July 19, 2024
Women in AI: Ewa Luger explores how AI affects culture — and vice versa

To give AI-focused women academics and others their well-deserved — and overdue — time in the spotlight, TechCrunch is launching a series of interviews focusing on remarkable women who’ve contributed to the AI revolution. We’ll publish several pieces throughout the year as the AI boom continues, highlighting key work that often goes unrecognized. Read more profiles here.

Ewa Luger is co-director at the Institute of Design Informatics, and co-director of the Bridging Responsible AI Divides (BRAID) program, backed by the Arts and Humanities Research Council (AHRC). She works closely with policymakers and industry, and is a member of the U.K. Department for Culture, Media and Sport (DCMS) college of experts, a cohort of experts who provide scientific and technical advice to the DCMS.

Luger’s research explores social, ethical and interactional issues in the context of data-driven systems, including AI systems, with a particular interest in design, the distribution of power, spheres of exclusion, and user consent. Previously, she was a fellow at the Alan Turing Institute, served as a researcher at Microsoft, and was a fellow at Corpus Christi College at the University of Cambridge.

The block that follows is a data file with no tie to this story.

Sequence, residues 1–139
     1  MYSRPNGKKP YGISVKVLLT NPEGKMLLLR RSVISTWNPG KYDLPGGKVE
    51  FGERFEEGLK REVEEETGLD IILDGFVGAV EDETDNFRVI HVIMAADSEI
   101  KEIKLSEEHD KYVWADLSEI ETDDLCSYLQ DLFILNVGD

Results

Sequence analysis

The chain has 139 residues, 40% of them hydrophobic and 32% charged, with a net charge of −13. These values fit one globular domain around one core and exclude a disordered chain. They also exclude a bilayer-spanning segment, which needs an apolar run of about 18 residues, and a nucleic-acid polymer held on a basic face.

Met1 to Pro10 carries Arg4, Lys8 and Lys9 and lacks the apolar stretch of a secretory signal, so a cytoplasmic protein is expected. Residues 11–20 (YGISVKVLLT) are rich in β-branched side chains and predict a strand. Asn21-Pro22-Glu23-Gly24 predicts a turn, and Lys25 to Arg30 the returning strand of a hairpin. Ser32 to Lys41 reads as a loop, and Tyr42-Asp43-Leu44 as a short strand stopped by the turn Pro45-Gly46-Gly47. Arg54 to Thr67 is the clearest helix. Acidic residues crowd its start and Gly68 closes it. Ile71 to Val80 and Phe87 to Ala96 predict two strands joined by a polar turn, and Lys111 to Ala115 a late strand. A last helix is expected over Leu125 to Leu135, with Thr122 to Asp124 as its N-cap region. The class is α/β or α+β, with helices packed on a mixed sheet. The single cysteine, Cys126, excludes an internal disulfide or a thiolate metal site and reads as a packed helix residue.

Briefly, how did you get your start in AI? What attracted you to the field?

After my PhD, I moved to Microsoft Research, where I worked in the user experience and design group in the Cambridge (U.K.) lab. AI was a core focus there, so my work naturally developed more fully into that area and expanded out into issues surrounding human-centered AI (e.g., intelligent voice assistants).

When I moved to the University of Edinburgh, it was due to a desire to explore issues of algorithmic intelligibility, which, back in 2016, was a niche area. I’ve found myself in the field of responsible AI and currently jointly lead a national program on the subject, funded by the AHRC.

What work are you most proud of in the AI field?

My most-cited work is a paper about the user experience of voice assistants (2016). It was the first study of its kind and is still highly cited. But the work I’m personally most proud of is ongoing. BRAID is a program I jointly lead, and is designed in partnership with a philosopher and ethicist. It’s a genuinely multidisciplinary effort designed to support the development of a responsible AI ecosystem in the U.K.